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The only inevitability in life is change. What we take for granted as a permanent institution is, in reality, only a temporary phenomenon.

In rock ‘n’ roll this is particularly true, as the constant turnover in the prime fan base ensures that there is a quick expiration date for stars which hadn’t existed before in pop music, jazz, country, gospel or blues.

With that comes a constantly evolving stylistic approach which means those types of rock records which had seemed reliably popular just yesterday will soon be considered hopelessly passé.

Knowing this, if you were investing in the futures market for up-and-coming rock singers in 1952, you’d have to pass on buying up shares of H-Bomb Ferguson who was intrinsically tied to the past, no matter how entertaining he might seem at a glance.


Get On My Good Time
Where to start with this one…

Do we do our now-standard reminder of how H-Bomb Ferguson’s remarkable – and intentional – similarity to Wynonie Harris’s vocal style which initially drew him notice was starting to be a hindrance to his own ongoing attempts to establish himself as a unique entity unto himself… especially as Harris’s brand of rock was fading fast as the Nineteen Fifties wore on?

Or do we focus on how Savoy Records compounded this Harris-like impersonation by failing to update the sound around such deliveries enough to give songs like Give It Up a more welcome reception in late 1952 as they might’ve with a different horn chart, maybe a guitar solo and more complex rhythmic patterns behind the bellowed vocals?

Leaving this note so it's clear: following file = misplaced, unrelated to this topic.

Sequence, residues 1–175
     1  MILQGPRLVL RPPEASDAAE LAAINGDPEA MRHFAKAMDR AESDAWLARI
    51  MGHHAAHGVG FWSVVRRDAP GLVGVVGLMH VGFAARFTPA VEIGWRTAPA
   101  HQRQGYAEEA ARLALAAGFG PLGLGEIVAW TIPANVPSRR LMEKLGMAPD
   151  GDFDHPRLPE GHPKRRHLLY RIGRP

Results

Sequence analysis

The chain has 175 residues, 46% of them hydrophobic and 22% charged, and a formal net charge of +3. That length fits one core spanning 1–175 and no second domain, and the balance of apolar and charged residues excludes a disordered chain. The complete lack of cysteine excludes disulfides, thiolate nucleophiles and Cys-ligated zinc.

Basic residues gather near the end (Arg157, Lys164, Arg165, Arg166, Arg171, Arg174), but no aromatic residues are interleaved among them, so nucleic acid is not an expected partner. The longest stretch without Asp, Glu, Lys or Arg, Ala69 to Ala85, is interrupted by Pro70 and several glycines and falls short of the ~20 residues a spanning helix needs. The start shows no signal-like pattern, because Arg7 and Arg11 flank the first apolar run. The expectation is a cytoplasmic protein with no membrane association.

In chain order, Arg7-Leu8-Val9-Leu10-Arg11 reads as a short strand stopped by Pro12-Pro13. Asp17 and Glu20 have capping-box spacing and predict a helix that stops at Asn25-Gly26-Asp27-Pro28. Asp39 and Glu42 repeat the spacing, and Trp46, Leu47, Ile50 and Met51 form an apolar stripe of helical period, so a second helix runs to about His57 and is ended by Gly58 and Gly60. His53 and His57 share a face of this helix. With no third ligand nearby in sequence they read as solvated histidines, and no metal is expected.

Maybe we could just let those two paragraphs on those shortcomings speak for themselves and instead wonder how Ferguson seemed to have a good topical idea here and yet apparently couldn’t decide which of the two Harris-inspired subjects (sex or boozing) was more appropriate and so he hints at one while delving into the other.

The results of that compromise may in fact be fairly good, but by making the wrong choice it certainly appears that he missed out on a chance to be really good for once.


Why Don’t You Change Your Mind?
It might help to contemplate how Robert “H-Bomb” Ferguson wrote this song.

Did he start with a basic melody – very basic actually, swiping “When The Saints Go Marchin’ In” for the intro – and just start riffing some lines and go from there? Or was he casting about for a subject and decided on this one and after scribbling down a few lyrics derived the title from what he’d started to come up with and left it at that?

Or did he start off with the title itself and then build a story around it?

If it was the latter then I think he failed, though if it were either of the other two then it’s hard to say he did anything wrong other than be slightly misleading.

The premise is that this girl is a souse… an elbow-bending, whiskey-swilling, fall-down drunk and he, none other than that model of virtue H-Bomb Ferguson himself, is going to cure her of this affliction!

Aside from being unintentionally comical that Ferguson is portraying an upright citizen concerned with somebody else’s well-being, it’s not a bad concept. The problem though is when you take into account his own reputation and the subsequent expectations of an audience seeing the title Give It Up staring them in the face, it’s inevitable those listeners are expecting something with a bit more debauchery to it than this tale.

If anything that impression is strengthened by the opening which has H-Bomb decrying her behavior leading you to assume that it’s not booze that he finds objectionable, but rather it makes us think it HAS to be the fact she’s sleeping around with other guys instead.